I just wanted to share with you some photos from a lovely photoshoot that I was part of the other month.
It was a great day, surrounded by lots of wonderfully talented people in the wedding industry down in the Margaret River Region. The photos were shot by the wonderfully talented Steve Blakeney, which will soon be seen in the 2012 edition of the Margaret River Bride and Groom Weddings Magazine released early in the new year.
Special thanks to the following people. If you are planning a wedding soon, then I recommend you check out everyone here.
My aunty delivered me a big box of nectarines from the Vasse markets over the weekend and I wanted to share with you my idea for a popsicle.
I washed the nectarines and put them in a roasting pan with sugar, cinammon and vanilla and popped them in the over for 45mins at 180C.
The idea for roasting them was partly for taste – they now have a deeper, darker, honeyed flavour – and also for ease. They are clingstone nectarines so taking the seed out would have been painful, but after being roasted it was easy to pop the stone out and set aside.
Starting with a bright, scarlet red skin and electric yellow flesh, after roasting them the skin had softened transformed into a beautiful dusky pink and the flesh was now a light orangey-pink oozing lots of syrupy goodness. I think next time what I would do, is pierce the skin and really rub in the cinnamon and sugar to try and get an even more flavoursome syrup.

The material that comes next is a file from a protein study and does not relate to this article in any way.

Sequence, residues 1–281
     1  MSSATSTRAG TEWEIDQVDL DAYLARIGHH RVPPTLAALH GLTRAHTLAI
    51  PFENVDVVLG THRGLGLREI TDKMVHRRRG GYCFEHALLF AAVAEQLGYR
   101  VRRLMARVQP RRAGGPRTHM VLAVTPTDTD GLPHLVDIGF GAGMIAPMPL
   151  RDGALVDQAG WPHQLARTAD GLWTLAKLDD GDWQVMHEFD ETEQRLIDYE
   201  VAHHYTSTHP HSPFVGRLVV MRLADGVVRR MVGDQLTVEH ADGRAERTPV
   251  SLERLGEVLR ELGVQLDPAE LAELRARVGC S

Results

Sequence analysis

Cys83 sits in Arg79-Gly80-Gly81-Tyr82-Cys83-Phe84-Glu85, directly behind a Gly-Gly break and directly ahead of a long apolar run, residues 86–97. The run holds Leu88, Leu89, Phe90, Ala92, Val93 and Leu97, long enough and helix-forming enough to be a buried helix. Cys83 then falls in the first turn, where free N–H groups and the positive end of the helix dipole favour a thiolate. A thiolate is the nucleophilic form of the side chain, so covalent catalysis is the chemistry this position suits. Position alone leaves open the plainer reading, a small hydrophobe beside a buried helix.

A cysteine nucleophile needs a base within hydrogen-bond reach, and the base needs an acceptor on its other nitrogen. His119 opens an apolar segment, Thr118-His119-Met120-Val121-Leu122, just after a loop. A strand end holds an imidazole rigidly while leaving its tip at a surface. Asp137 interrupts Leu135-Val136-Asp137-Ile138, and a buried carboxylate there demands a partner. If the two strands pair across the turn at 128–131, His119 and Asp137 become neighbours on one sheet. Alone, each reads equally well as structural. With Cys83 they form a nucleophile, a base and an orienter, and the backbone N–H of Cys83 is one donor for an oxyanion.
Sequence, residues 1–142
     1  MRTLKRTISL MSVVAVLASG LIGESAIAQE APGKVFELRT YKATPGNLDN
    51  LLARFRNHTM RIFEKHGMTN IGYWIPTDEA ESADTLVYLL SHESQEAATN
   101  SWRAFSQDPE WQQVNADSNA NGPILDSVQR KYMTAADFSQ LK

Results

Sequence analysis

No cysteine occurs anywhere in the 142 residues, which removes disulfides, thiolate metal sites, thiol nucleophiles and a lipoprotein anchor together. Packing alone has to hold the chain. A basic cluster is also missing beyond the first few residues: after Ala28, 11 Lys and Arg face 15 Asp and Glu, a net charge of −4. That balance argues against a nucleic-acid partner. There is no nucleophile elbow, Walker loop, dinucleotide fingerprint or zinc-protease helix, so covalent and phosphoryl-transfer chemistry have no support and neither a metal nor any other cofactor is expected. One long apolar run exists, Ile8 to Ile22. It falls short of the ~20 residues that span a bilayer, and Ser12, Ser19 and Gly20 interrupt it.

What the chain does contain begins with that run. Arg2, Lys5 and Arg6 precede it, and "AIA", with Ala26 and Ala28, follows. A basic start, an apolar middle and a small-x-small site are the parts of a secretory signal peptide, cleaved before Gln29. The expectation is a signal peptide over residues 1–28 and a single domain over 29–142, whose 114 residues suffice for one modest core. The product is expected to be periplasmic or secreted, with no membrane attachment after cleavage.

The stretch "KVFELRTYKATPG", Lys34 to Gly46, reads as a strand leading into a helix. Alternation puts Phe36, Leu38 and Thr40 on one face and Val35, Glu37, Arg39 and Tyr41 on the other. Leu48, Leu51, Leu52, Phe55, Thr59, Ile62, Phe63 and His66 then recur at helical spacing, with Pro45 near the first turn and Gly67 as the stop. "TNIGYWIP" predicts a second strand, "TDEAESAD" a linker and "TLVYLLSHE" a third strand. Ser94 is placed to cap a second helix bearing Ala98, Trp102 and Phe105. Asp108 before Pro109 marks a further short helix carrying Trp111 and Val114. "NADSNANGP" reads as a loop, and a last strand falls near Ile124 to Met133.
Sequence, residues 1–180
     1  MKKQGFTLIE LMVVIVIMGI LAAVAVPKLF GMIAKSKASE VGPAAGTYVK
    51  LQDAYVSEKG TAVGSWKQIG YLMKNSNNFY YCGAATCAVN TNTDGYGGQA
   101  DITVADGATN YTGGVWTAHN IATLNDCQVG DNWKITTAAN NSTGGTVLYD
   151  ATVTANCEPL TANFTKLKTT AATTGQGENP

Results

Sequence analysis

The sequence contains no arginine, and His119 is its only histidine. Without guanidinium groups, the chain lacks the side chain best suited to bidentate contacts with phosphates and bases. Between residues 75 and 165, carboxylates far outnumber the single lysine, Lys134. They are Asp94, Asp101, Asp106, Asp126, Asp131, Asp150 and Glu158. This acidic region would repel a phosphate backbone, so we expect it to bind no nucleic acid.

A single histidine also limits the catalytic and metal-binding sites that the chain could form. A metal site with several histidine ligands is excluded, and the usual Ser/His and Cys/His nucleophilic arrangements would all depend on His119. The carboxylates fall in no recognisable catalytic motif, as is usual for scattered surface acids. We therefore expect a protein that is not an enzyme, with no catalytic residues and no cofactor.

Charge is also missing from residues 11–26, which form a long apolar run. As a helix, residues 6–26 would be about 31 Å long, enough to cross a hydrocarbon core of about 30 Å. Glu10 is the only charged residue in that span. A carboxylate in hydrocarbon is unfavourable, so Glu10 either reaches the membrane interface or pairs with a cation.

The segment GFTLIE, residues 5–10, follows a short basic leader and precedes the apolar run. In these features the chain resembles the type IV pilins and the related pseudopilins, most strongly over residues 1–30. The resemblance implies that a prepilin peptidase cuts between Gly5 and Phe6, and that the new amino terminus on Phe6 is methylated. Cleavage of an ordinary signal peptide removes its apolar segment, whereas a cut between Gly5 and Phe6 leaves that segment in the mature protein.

The next step is to blend with apple juice, adjust the cinnamon to taste.
If you know me, and the subject of abalone comes up, then you have more than likely heard me wax lyrical about the best abalone recipe. The drawback is you’ll have to patiently wait 4-5 hours until you get to enjoy it, but I think it’s a much better alternative to the often butter-soaked-on-the-bbq recipes.
Confit of Abalone as inspired by Stephanie Alexander in the Cook’s Companion. It’s super simple.
Put the oven on to 140C
Grab your bowl full of abalone that has been removed from the shell
Small casserole dish
Heap of olive oil
Chop up some flavours you want to infuse through the abalone. Below is coriander (leaves, stalks, roots and all), chilli, kaffir lime, laksa leaves, spring onions and lemon grass. Stephanie’s recipe is french inspired using leeks, bay leaves, carrots and peppercorns. I’ve also used preserved lemons and limes before. Use your imagination.
Cover the bottom of the casserole with a mix of ingredients. Then a layer of abolone, layer of ingredients until you have run out of both.
Fill with enough olive oil to cover everything.
Put a bit of baking paper on top, and if you need to something oven-proof to put on top to weigh everything down
Leave in the oven for 4-5 hours on 140C. Remove from casserole. Slice abalone into thin slivers and devour. Discard the other ingredients – they have done their job.
What you don’t eat then, pop into a jar, covered with oil and put in the fridge. When you want to eat, remove from oil and slice thinly.
Give it a try if you can get your hands on some freshly caught abalone and tell me what you think.
An impromptu trip to the Cowaramup Op-Shop saw me return home with nifty thing #1 citrus press, vintage glass juicer, a cool pouring jug for pouring the mixture into moulds, a beautiful vintage silver brooche and a awesome jacket for the grand total of $8. How I love the Cowaramup Op-Shop